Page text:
Federalism Under Fire
Certain states are all about their own autonomy — unless they have to pay for it.
The onset of the coronavirus has created a different America than the one we knew just six short months ago, but President Donald Trump’s approach to dealing with it has also beautifully illustrated a trend that has overtaken our constitutional republic in recent decades.
Back in January, the president created the White House Coronavirus Task Force. With that entity in hand, it was perhaps expected that President Trump would use his executive powers to take control of the situation. Accordingly, the president “charged the Task Force with leading the United States Government response to the novel 2019 coronavirus and with keeping him apprised of developments.”
While the Task Force has made a celebrity out of the previously obscure Dr. Anthony Fauci, those media experts expecting President Trump to be the tyrant they always assumed him to be were shocked by the hands-off approach he’s taken in dealing with the Wuhan flu and its effects. Of course, since they’re stuck on “Orange Man Bad,” they now complain that Trump doesn’t take the virus seriously enough.
But true to our intended federalist system of government, President Trump has chosen to allow each individual state significant license in handling the outbreak within its borders. At first, nearly every state shut itself down in response to the virus, a mid-March action that was initially believed to require 15 days, then extended to Easter as an “aspirational goal”. Once Easter came and went and the virus stayed on, we began to experience the open-ended (or never-ending) lockdown we see today.
Federalism has thus created a nation where state situations run the gamut from needing a second shutdown like in California to never really shutting down at all (smiling at you, South Dakota). This may sound like a poor way to do policy, but a one-size-fits-all approach would likely be causing healthy South Dakotans to chafe under a lockdown they didn’t need because the outbreak was half a country away. Government tends to respond to the worst-case scenario in these situations, and the coronavirus more than proved that point.
And so did the media. As we’ve seen, states handling the China Virus as they see fit have created a media feeding frenzy. Those that were the first to open up and begin putting people back to work and reversing the severe economic downturn have been raked over the coals of public opinion, while utter failures like the governor of New York are taking tone-deaf victory laps and being accorded heroic status.
In their coverage of COVID-19 and their cheerleading of policy ideas like Joe Biden’s promise to make mask wearing mandatory, we can more clearly see that the media and its leftist allies have instilled the idea into Americans that the only good solution is a big-government federal solution. A decade ago, a different president began “fundamentally transforming” America by shifting power over healthcare to the federal government — and the media cheered, labeling as racists those “deplorables” who objected. Back then, the people stood against the concept of federalizing the health-insurance industry, but once Trump and the GOP came to power and sought to defund ObamaCare, the media mustered the means necessary to preserve it.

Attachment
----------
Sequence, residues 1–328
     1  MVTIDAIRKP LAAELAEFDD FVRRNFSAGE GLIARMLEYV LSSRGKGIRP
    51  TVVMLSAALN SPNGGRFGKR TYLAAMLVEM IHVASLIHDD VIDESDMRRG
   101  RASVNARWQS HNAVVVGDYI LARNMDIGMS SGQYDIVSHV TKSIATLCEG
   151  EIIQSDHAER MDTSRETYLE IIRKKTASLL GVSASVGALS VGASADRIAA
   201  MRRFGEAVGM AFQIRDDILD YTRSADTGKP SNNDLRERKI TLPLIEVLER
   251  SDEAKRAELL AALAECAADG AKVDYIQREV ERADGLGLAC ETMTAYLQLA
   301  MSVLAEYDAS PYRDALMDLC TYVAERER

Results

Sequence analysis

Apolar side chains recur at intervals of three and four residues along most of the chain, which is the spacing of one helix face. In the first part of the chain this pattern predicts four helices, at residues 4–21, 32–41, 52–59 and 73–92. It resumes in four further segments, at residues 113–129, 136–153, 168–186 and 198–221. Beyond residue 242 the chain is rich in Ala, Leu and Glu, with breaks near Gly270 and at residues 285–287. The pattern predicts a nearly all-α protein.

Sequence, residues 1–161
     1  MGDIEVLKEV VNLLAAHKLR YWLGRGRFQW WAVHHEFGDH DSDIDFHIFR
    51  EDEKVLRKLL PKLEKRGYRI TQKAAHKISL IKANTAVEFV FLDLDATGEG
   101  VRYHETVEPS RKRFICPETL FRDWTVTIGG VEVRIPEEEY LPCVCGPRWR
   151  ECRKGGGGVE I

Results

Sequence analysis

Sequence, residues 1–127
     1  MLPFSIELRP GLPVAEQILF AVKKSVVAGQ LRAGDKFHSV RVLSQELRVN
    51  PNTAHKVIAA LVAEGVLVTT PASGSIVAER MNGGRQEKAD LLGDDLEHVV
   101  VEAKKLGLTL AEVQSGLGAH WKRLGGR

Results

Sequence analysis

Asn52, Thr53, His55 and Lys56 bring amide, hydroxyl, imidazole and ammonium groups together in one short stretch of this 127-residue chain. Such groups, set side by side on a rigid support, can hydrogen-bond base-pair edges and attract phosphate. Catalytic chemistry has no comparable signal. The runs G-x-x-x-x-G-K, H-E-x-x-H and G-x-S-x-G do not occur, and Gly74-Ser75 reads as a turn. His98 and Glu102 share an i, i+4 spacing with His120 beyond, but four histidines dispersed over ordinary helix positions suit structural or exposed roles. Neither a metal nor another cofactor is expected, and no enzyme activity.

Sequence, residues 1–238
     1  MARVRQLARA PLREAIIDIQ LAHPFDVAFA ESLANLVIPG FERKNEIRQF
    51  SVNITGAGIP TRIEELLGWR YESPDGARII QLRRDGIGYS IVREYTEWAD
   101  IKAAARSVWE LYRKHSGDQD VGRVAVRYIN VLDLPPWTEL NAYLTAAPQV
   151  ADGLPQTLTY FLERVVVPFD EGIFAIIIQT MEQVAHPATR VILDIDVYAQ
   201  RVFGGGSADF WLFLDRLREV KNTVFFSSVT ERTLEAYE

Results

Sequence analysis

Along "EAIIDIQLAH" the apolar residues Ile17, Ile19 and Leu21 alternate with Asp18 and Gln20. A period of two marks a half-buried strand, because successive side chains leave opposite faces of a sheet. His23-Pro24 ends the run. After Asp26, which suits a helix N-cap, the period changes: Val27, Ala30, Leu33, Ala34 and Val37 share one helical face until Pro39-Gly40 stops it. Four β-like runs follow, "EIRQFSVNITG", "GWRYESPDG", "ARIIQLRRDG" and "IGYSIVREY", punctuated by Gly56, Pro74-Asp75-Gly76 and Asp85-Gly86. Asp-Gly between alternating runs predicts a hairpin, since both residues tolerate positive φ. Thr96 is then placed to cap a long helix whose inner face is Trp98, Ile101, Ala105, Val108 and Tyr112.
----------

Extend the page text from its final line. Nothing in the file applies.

Yet we can’t just reflexively blame the media, either. Some place the blame on the two-party system, but Zachary Faria argues in a recent Washington Examiner op-ed, “The problem of polarization in politics is not the existence of the two-party system but the gradual and ongoing nationalization of power, especially in the hands of the president. When these issues are pulled out of the local legislatures and made into national questions, the localities get left behind.”
Once states became dependent on the fiscal narcotic of Uncle Sam’s largesse, legislators bent on increasing federal power began placing preconditions on the states to retain their share of funding. For example, a state seeking its full share of federal highway dollars must ensure that its impaired-driving laws conform to a particular standard for blood-alcohol limits. For generations, members of Congress have won or lost reelection based on just how well they bring home the bacon, but people forget that the price of the bacon is borne by everyone.
Thanks to all that conditioning, those who used to make their case for change to city hall now bypass that step and take demands directly to the street, preferably with breathless news coverage. Thus we see Minneapolis voting to disband its police force after the death of George Floyd while begging for federal taxpayer money to pay for the rioting local authorities allowed. Uncle Sam apparently owns an ever-growing money tree.
There will come a day, though, when other people’s money runs out, so encouraging a state-level response to a national crisis may be good practice for the future. States can still be the creators of their own success, but too many states have citizens who believe that this requires too much work and independent thought.
If listening to the drumbeat of negative media has led you to become one of those citizens, it’s time to turn off the noise and reevaluate the situation. There’s still a place for personal responsibility in this country, and the biggest rewards often come from taking a risk — just like those who founded this nation did. It’s a shame this teachable moment had to come from a pandemic.
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